The Motorcar vs. America

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By the time it is completed the National System of Interstate and Defense Highways, as it is called, will comprise 42,500 miles of high-speed freeways connecting the nation’s principal cities. It will have taken 1.5 million acres in new rights of way and 750,000 pieces of property. The cost will probably be half again as much as the forty billion dollars originally estimated.

For freeways built under the Interstate System, the federal government pays 90 per cent, the state 10. (This contrasts with the fifty-fifty split by which ordinary national highways have been built.) Funds for these come from revenues on the sale of gasoline (four cents a gallon), new trucks, buses and trailers, tires, lubricating oil, truck and bus parts and accessories, and a tax on heavy vehicles. The revenues go into a Highway Trust Fund administered by the Bureau of Public Roads, from which four to five billion dollars a year are paid out for new highways. The process is automatic; the funds flow without stop, year in, year out. Freeways lead to more use of cars, which lead to more freeways. The Asphalt Institute rhapsodizes: “We have a self-perpetuating cycle, the key element of which is new paved roads. The 45,000 new miles added to the road and street network each year accommodate automotive travel, generate fuel consumption, produce road-building revenue.” As A. Q. Mowbray comments in his illuminating and heartfelt Road to Ruin (1969): “It almost begins to sound like an argument for road-building as an end in itself.”

 
 
 
 

“This vast program has developed a life of its own, an inherent bureaucratic momentum that seems almost unstoppable,” says the New York Times . “The countryside is leveled and rolled and graded. The road-builders march—imperially, relentlessly, inexorably—across stream, meadow and woodland, through parks and nature preserves” as well as “through private homes, businesses and historic sites.” For the damage does not stop with the city. From the start the juggernaut has zeroed in on the countryside, too.

There is, of course, the argument, to which the moguls of the industry never tire of resorting, that highways enable the populace to enjoy the beauties of the country. Obviously there is a great deal to this. In overwhelming degree, however, the scenic splendor that the highways provide is purely incidental. The aim of conventional highways is to connect communities along their routes; of freeways, to shorten the driving time between cities. Neither seeks any but the most grudging accommodation to terrain. Only the older roads do better, and they only in default of modern power equipment and appropriations back when they were built. To drive the highways of America is undeniably to have a great and exhilarating adventure much of the time. It is also to be crushed with discouragement over and over again. The charm and grandeur of the continent, which the motorcar brings us, are on a scale that has so far defeated even our civilization’s assiduous efforts to destroy them, but they are conspicuously in retreat and in innumerable places in rout. The conventional highway brings with it a shoddy and clamorous commercialism that blights towns, villages, and countryside indiscriminately. Even “controlled-access” freeways are bordered by billboards in most states, thanks to the political influence of the outdoor advertising industry.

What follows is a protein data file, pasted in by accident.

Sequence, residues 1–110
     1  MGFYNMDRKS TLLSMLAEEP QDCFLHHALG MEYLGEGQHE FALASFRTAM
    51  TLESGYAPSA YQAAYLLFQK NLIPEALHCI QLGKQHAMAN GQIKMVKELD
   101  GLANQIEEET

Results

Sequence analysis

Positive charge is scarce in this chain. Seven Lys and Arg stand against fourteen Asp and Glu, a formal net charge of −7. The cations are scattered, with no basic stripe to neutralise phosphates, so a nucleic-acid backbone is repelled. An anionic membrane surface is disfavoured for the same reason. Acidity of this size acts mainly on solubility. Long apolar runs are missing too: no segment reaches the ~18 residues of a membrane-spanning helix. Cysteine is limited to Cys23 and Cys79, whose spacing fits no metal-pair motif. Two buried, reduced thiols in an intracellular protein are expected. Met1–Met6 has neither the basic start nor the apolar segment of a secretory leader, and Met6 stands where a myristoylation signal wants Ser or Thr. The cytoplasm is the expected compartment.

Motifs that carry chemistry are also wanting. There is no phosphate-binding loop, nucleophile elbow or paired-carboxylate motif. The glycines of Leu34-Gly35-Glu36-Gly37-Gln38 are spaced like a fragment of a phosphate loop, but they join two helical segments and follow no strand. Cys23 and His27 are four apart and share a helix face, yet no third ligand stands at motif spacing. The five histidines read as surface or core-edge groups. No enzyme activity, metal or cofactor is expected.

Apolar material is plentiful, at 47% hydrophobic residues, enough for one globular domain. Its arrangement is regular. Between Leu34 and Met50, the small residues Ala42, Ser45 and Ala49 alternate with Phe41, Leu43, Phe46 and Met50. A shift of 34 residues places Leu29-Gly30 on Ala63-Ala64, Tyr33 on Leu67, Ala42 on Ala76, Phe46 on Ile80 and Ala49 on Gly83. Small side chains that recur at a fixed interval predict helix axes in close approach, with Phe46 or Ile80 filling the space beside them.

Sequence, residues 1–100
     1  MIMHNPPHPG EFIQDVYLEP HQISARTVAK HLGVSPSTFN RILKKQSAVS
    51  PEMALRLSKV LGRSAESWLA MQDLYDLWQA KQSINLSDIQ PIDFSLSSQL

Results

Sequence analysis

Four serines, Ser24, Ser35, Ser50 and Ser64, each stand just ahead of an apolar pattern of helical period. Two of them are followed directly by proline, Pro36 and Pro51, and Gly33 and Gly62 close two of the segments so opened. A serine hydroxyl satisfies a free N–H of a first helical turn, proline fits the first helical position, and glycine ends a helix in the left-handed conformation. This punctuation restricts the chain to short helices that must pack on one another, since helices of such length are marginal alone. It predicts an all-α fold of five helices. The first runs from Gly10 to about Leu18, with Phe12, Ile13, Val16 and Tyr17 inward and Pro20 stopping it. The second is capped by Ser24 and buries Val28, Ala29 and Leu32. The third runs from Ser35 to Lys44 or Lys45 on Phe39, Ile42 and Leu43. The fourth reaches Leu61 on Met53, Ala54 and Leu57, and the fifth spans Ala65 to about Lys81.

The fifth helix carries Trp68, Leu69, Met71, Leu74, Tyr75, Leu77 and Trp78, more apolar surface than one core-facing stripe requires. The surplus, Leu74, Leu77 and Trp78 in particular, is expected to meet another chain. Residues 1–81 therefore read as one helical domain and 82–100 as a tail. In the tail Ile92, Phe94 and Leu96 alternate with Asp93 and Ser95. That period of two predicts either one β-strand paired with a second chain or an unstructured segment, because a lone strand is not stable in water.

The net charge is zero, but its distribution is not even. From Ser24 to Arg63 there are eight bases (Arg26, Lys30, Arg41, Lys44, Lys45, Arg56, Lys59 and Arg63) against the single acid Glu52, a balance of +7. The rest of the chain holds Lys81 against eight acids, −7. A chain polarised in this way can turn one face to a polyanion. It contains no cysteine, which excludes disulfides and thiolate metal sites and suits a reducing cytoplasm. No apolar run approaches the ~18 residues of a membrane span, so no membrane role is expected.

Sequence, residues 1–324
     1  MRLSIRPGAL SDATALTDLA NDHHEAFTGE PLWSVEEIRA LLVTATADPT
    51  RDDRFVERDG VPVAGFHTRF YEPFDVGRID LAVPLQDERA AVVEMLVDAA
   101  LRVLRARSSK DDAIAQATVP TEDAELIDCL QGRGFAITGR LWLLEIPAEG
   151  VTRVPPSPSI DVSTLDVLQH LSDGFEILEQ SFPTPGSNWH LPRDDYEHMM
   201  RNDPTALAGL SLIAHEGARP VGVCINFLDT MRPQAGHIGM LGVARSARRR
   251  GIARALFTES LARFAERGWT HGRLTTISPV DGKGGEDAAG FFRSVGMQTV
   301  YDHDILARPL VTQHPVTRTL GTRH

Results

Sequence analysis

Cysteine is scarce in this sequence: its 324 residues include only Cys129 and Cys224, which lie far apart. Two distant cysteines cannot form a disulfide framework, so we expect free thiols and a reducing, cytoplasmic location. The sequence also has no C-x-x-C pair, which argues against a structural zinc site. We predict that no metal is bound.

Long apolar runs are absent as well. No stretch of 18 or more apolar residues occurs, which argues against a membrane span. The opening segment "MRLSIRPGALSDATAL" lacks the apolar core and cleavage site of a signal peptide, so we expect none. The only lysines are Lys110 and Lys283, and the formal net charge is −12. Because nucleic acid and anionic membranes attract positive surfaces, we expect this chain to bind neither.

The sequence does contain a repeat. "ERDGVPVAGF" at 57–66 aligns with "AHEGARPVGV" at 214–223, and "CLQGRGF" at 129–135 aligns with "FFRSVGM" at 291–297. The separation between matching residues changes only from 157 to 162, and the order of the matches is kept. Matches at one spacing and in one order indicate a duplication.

Federally aided highways were, of course, supposed to have been rescued from the blight of billboards and junkyards. That was one of the purposes of the Highway Beautification Act of 1965. But, as the New York Times charged in 1969, the campaign “appears to stack up after four years as a failure.” There is not enough steam behind it. “Of some 1.2 million signs on Interstate and primary highways, 839,000 of which were invalidated by the act, the Bureau [of Public Roads] knows of only 750 having been removed, with removal rights obtained on another 371.” Progress in removing or concealing junkyards has been comparably poor. The Federal Aid Highway Act of 1968 provides that no state may require the removal of a billboard unless federal funds are available to compensate the billboard owners and then authorizes a paltry two million dollars for the purpose to take care of all fifty, states! And now, even in states that prohibit billboards within 660 feet of the Interstates, industry is thumbing its nose at regulations by the erection of monster billboards outside the protected zone.

And what of the future? The Federal Highway Administration predicts that the annual national expenditure for highways and streets (now 8.5 billion dollars) will almost double after 1973. We can expect the mileage of new roads and streets (now 45,000 a year) to keep going up. Motorcars are even outmultiplying people in the United States. Ten years ago there were seventy million registered motor vehicles, or about one for every 2.4 Americans. Today there are one hundred million, or nearly one for every two of us. By the turn of the century more than 240,000,000 are expected, which will amount to one for every person and a quarter, or about one for every adult.